6 Div. 921.

90 So.2d 100 (1954)


Court of Appeals of Alabama.

Rehearing Denied August 31, 1954.

Affirmed on Mandate October 9, 1956.

Attorney(s) appearing for the Case

Johnson & Randall, Oneonta, for appellant.

Nash & NeSmith, Oneonta, and Chas. H. Eyster, Decatur, for appellee.

CARR, Presiding Judge.

This is a cause of action brought by the plaintiff against the defendant in which damages are sought for the killing of a cow by the alleged negligent operation of a train.

In the court below there was a verdict and judgment in favor of the defendant.

The trial judge refused the general affirmative charge with hypothesis in plaintiff's behalf. This action constitutes the question of prime concern for our review.

In the main the evidence is not in dispute. We will confine our delineation of the facts to those most favorable to appellee. This is proper in approaching the question of instant review. Southern R. Co. v. Randall, 212 Ala. 41, 101 So. 661; Alabama Power Co. v. Buck, 250 Ala. 618, 35 So.2d 355; Perry v. Atlantic Coast Line R. Co., 34 Ala.App. 644, 42 So.2d 837.

Appellee's locomotive engineer was driving a two unit diesel engine. His load consisted of forty-two loaded and ten empty freight cars. There is no disputed question about the experience of the engineer or his care in keeping a lookout. The mechanical equipment of the train was in every respect in good working order.

It cannot be doubted that from the time the engineer first observed the cow standing on the track to the time he struck her he did everything reasonably possible to avoid the injury.

The train was traveling down grade at about thirty-five miles per hour on a clear, dark night. On a straightaway track the engine headlight ray extended a distance of about nine hundred feet. As the train approached the place where the cow was standing on the track it rounded a curve. Under these circumstances the animal was not seen until the light "picked her up" at a point about five hundred feet from the engine.

The engineer testified that it was impossible to stop his train within this distance. In fact, he stated that he brought his train to a rest as soon as he could, and this was about twelve hundred feet from the point where he first saw the cow.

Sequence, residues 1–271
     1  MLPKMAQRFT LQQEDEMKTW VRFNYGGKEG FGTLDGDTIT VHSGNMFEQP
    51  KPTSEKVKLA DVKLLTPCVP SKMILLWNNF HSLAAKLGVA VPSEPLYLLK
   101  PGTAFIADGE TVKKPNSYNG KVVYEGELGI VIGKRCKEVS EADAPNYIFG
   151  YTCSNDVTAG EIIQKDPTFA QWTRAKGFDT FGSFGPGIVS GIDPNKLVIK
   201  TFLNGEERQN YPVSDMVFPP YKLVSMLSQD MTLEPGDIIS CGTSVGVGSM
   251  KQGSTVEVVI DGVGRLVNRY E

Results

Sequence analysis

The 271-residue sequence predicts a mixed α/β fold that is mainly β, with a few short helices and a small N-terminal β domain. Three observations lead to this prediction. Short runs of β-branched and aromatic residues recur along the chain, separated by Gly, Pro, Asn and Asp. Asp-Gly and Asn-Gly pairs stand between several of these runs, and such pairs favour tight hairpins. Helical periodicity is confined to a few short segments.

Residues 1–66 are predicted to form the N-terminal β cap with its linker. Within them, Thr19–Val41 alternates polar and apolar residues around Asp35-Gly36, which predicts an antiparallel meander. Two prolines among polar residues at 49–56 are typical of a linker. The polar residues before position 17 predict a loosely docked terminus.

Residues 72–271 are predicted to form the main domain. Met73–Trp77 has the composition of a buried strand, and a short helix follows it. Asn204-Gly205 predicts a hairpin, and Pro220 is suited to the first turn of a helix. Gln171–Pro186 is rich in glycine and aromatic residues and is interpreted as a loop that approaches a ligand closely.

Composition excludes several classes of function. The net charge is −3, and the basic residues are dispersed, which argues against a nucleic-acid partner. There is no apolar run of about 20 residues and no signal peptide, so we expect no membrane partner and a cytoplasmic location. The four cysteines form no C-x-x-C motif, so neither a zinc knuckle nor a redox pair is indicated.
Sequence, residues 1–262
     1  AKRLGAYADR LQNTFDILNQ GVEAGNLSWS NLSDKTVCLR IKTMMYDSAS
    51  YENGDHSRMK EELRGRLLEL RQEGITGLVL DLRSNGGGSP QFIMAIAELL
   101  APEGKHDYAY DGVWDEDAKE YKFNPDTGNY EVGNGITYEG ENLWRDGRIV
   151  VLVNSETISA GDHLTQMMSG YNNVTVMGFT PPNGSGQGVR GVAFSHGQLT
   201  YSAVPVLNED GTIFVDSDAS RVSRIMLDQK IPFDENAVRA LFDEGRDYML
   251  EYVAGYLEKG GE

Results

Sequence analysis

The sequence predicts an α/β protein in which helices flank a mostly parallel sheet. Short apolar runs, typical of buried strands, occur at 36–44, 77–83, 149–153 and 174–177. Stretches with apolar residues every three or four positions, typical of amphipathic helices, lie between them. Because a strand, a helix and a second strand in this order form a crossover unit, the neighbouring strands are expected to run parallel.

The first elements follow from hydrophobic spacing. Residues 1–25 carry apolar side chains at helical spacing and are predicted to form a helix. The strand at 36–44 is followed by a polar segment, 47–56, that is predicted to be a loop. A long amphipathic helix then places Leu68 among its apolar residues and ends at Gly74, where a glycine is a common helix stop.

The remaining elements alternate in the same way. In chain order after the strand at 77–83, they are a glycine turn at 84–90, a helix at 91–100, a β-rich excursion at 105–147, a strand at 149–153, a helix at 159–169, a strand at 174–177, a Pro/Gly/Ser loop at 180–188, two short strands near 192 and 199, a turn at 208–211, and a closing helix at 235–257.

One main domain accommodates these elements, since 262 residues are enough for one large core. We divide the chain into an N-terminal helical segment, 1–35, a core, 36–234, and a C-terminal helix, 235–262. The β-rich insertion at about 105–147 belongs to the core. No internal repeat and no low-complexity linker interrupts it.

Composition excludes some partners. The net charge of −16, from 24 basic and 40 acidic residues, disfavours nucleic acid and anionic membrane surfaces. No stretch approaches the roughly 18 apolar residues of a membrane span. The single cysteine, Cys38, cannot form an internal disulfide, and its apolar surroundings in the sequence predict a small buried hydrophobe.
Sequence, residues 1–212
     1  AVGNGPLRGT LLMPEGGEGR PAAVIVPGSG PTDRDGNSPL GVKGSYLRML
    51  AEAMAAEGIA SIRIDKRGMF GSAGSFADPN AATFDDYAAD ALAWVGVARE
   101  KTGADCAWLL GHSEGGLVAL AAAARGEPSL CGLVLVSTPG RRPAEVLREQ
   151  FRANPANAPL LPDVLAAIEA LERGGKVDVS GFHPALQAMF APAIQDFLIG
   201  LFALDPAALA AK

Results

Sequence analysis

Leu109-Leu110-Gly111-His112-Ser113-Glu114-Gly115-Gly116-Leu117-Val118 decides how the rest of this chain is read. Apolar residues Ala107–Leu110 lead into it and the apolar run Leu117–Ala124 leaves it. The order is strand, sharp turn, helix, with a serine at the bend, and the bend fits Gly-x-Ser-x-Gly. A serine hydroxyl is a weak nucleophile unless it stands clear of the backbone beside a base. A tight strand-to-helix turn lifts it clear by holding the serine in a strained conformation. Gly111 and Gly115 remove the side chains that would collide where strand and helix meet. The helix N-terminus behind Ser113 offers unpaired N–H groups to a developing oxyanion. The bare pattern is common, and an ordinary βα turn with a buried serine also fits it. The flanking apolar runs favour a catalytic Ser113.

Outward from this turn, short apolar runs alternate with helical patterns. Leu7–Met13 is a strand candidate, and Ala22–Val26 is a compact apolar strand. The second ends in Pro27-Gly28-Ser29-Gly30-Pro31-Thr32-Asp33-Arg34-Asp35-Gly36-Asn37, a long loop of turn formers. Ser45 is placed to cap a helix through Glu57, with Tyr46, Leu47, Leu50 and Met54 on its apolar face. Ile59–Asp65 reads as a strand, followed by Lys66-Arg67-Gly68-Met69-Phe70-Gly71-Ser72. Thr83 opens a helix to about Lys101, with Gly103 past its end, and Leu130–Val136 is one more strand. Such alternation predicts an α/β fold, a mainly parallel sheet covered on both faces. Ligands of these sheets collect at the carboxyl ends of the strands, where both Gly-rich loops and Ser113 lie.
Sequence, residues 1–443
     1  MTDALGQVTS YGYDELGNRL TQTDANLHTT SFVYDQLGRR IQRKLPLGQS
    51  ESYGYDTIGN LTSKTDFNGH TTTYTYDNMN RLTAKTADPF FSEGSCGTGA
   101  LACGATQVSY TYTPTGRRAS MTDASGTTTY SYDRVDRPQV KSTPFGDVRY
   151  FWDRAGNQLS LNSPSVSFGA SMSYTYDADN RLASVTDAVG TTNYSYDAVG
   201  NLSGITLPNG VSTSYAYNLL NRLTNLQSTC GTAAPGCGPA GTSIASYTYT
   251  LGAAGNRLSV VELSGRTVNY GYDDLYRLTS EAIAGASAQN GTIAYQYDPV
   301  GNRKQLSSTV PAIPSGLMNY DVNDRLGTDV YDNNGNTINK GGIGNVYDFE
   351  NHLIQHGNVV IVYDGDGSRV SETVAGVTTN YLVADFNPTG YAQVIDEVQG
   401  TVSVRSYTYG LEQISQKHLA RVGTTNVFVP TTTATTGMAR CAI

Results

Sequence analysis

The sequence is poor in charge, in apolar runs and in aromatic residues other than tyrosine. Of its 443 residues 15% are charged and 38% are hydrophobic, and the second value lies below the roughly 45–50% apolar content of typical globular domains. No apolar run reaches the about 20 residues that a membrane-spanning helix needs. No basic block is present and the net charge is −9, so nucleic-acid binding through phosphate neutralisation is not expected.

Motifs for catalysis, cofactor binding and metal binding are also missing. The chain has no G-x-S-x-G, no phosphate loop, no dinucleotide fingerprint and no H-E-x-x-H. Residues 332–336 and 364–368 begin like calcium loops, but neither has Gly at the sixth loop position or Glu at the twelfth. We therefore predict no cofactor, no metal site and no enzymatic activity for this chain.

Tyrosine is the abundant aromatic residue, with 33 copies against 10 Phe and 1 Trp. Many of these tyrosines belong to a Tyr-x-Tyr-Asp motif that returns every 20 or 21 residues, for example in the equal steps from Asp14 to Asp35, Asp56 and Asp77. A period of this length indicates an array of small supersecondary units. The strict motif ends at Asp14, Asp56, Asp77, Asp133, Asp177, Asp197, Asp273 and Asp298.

Reduced to its last analysis we have this situation: The speed of the train made it impossible, by the use of ordinary means and appliances, to stop the engine and prevent the injury within the distance in which the cow could have been seen by the aid of the engine headlight, even if the track at the place had been straight.

In the case of Louisville & N. R. Co. v. Green, 222 Ala. 557, 133 So. 294, 295, the Supreme Court gave the following explanation of the effective application of Sec. 173, Title 48, Code 1940:

"Our statute simply means that, when injury is shown by a railroad, the plaintiff makes out a prima facie case, and that the burden is then shifted to the railroad to rebut or overcome said prima facie case by introducing evidence sufficient to dispute or overcome the said prima facie case of the plaintiff. This may be done by undisputed facts sufficient to rebut the prima facie case, and, when so done, would entitle the defendant to the affirmative charge. On the other hand, if the plaintiff makes out a prima facie case and in doing so does not acquit the defendant of negligence or does not also show sufficient evidence to take the negligence to the jury, and this was all, the plaintiff would be entitled to the general charge."

See also, Alabama Great Southern R. Co. v. Bishop, 259 Ala. 629, 68 So.2d 530.

It is pointed out in the Green case, supra, that the statute "fixes the burden upon the railroad as to injury whether occurring at places fixed by the three preceding sections or not."

In a long line of authorities in this jurisdiction it has been declared that it is the duty of a railroad company to run its trains in the nighttime at such a rate of speed that they can be stopped, by the use of ordinary means and appliances, within the distance in which animals would be seen upon the track by the aid of engine headlight. A failure in this respect is negligence and if injury to stock is caused on this account damages therefor are recoverable. Birmingham Mineral R. Co. v. Harris, 98 Ala. 326, 13 So. 377; Central R. & Banking Co. of Ga. v. Ingram, 98 Ala. 395, 12 So. 801; Alabama Midland R. Co. v. McGill, 121 Ala. 230, 25 So. 731; Southern R. Co. v. Hoge, 141 Ala. 351, 37 So. 439; Central of Georgia R. Co. v. Main, 143 Ala. 149, 42 So. 108; Hogue v. Southern R. Co., 146 Ala. 384, 41 So. 425; Western Ry. of Alabama v. Mitchell, 148 Ala. 35, 41 So. 427; Louisville & N. R. Co. v. Christian Moerlein Brewing Co., 150 Ala. 390, 43 So. 723; Louisville & N. R. Co. v. Fox, 11 Ala.App. 253, 65 So. 917; Louisville & N. R. Co. v. King, Ala.App., 67 So.2d 49, 51.